Black swans are wildly unexpected bolts from the blue that in today's parlance are "game changers," usually for the worse. The Ebola near-pandemic; Dec. 7, 1941 and Sept. 11, 2001; and bad days for the stock market in the Octobers of 1929, 1987 and 2008 are examples. A unicorn is the black swan equivalent in the venture capital world but with a huge difference -- the billion-to-one shot that pays off massively.
Using the unicorn analogy, do white swan events that could have dramatic positive effects such as finding the cure for pick a disease or end violence in the Middle East even exist? Today, in Washington, where the political mood is both bitter and septic, white swans seem rarer than unicorns. And no wonder.
Regardless of whether you are a supporter or opponent of President Donald Trump, conjuring up white swans is not easy. This president, who has no apparent strategic or ideological view of the world except harboring a similar predilection to the pope about infallibility, does not seem worried by his otherwise seemingly irrational acts. Domestically, the threat to impose tariffs on steel and aluminum invites a trade war and is a direct threat to some of America's closest allies. The infrastructure bill and sensible steps to control gun violence seem to be suffering from crib death.
Internationally, relations with the United States and Russia (and many of our key allies) have never been worse. Yet, the president seems not to have any idea of how to reverse these conditions. The United States is moving its embassy to Jerusalem. That pleases the Israelis. Yet, aside from that distinction and from honoring decades-old campaign promises, what benefit will America get from this move that has infuriated the Arab and Muslim worlds? And the more we apply military force in Afghanistan and Syria, the more deeply we become trapped.
Against this rather somber picture -- and with stock markets that are volatile and unpredictable at best -- will any white swans materialize? Can the United States be instrumental in creating the conditions for a white as opposed to a very black swan event happening? A thought game is helpful.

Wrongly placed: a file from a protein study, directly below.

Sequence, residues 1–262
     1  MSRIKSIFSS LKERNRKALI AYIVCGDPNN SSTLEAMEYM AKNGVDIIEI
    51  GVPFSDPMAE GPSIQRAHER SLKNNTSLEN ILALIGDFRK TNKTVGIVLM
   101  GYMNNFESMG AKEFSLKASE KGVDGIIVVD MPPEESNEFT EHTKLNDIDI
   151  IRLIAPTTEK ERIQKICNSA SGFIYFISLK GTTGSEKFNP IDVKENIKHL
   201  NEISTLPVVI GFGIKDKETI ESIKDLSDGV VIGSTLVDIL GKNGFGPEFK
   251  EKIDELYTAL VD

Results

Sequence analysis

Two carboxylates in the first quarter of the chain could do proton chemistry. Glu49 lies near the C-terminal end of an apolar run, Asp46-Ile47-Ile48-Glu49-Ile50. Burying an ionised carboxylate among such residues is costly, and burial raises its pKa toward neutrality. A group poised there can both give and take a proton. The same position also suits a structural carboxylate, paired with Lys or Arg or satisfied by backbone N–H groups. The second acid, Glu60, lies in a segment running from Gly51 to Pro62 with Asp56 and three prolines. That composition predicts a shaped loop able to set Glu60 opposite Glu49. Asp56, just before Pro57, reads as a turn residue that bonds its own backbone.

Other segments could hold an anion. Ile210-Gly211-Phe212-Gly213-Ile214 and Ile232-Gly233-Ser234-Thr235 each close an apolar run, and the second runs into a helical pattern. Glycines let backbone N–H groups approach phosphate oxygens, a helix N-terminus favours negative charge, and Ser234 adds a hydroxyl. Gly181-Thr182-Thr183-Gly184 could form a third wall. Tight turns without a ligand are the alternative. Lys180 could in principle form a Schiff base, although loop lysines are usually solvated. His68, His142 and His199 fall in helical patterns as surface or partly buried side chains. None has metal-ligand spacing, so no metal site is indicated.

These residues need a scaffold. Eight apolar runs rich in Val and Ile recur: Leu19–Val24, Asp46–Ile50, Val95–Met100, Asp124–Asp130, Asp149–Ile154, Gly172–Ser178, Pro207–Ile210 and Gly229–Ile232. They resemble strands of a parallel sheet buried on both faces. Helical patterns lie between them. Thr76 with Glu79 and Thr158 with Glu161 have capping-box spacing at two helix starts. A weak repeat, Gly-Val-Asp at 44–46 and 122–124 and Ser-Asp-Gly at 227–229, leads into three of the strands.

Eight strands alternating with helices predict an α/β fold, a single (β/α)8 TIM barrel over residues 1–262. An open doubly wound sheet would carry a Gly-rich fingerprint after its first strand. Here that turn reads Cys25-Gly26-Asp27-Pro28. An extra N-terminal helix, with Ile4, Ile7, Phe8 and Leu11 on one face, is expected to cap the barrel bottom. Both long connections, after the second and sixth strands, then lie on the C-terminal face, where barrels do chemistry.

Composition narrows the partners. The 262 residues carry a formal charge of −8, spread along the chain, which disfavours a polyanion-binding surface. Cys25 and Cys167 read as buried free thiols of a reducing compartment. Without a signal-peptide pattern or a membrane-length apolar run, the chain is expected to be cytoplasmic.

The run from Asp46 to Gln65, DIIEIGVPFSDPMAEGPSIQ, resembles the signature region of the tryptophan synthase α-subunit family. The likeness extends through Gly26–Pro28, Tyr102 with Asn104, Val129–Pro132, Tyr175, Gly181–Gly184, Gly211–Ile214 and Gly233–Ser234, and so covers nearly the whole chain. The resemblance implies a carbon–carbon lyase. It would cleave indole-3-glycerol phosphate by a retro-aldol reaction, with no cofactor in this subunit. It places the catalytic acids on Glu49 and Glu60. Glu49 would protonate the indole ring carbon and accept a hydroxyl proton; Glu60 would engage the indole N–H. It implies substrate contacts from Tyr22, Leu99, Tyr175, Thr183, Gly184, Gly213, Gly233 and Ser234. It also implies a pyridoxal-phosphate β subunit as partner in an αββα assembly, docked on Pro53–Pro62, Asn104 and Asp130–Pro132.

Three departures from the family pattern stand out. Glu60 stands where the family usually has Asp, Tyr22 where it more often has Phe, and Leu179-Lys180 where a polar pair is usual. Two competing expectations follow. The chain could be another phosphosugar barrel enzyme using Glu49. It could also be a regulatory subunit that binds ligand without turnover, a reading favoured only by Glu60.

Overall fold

Obviously, a most beneficial white swan event could arise from American, Russian and Chinese leaders. Trump could become a born again president. A precursor action would be to cancel his Twitter account or refrain from using it as a weapon that as often as not shoots him in both feet. He could actually revise his infrastructure bill to make it workable. He could rejoin the Transpacific Trade Partnership if allowed back in. He could at least consider science in dealing with climate change. And he could decide that nepotism is no way to run a government.
Vladimir Putin, after the March 18 election, could emulate Mikhail Gorbachev with his own versions of glasnost and perestroika. He could pull Russia out of Ukraine; announce a real referendum in Crimea to determine its future; force Bashar al-Assad and Syria to form a coalition government to stop the senseless slaughter. And instead of showing ancient video cartoons of a faux Russian rocket hitting Mar a Lago at his State of the Federation chat, he could be embracing arms control agreements to prevent a new strategic and nuclear arms race.
President Xi Jingping could halt the militarization of tiny islets in the South China Sea. He could loosen restrictions on Chinese access to the Internet. Most importantly, he could lean on Kim Jong Un to induce North Korea to negotiate its nuclear program to limit its scope, reach and danger to the region. And he could agree to some limits on his terms as president.
Do any of these white swan events seem even plausible? The more likely white swans may be transformed unicorns, that is ideas from the private sector that have hugely positive impact. The medical field and genetics are obviously ones that could cure or prevent disease and rectify DNA weaknesses. Artificial Intelligence is a second. Beyond autonomous cars, AI could provide tremendous assistance from making work more efficient and effective to providing at home diagnoses of illness and even home schooling.
One area that has been relatively unnoticed is artificial food. Man-made fish and meat products that reportedly taste similarly obviously could ease world hunger once the distribution problem is solved. It is really access to food rather than total amounts that create much of global starvation. The same breakthroughs could apply to making fresh water.
John Maynard Keynes argued that technology ultimately offered answers to otherwise seemingly intractable problems. Today, technology and the free market are where future white swans may lurk because politics seem to be a no-white swan zone.
Harlan Ullman served as senior adviser for Supreme Allied Commander Europe for 12 years, is senior adviser at Washington D.C.'s Atlantic Council and chairman of two private companies. His newest book is "Anatomy of Failure: Why America Has Lost Every War It Starts." Follow him on Twitter @harlankullman.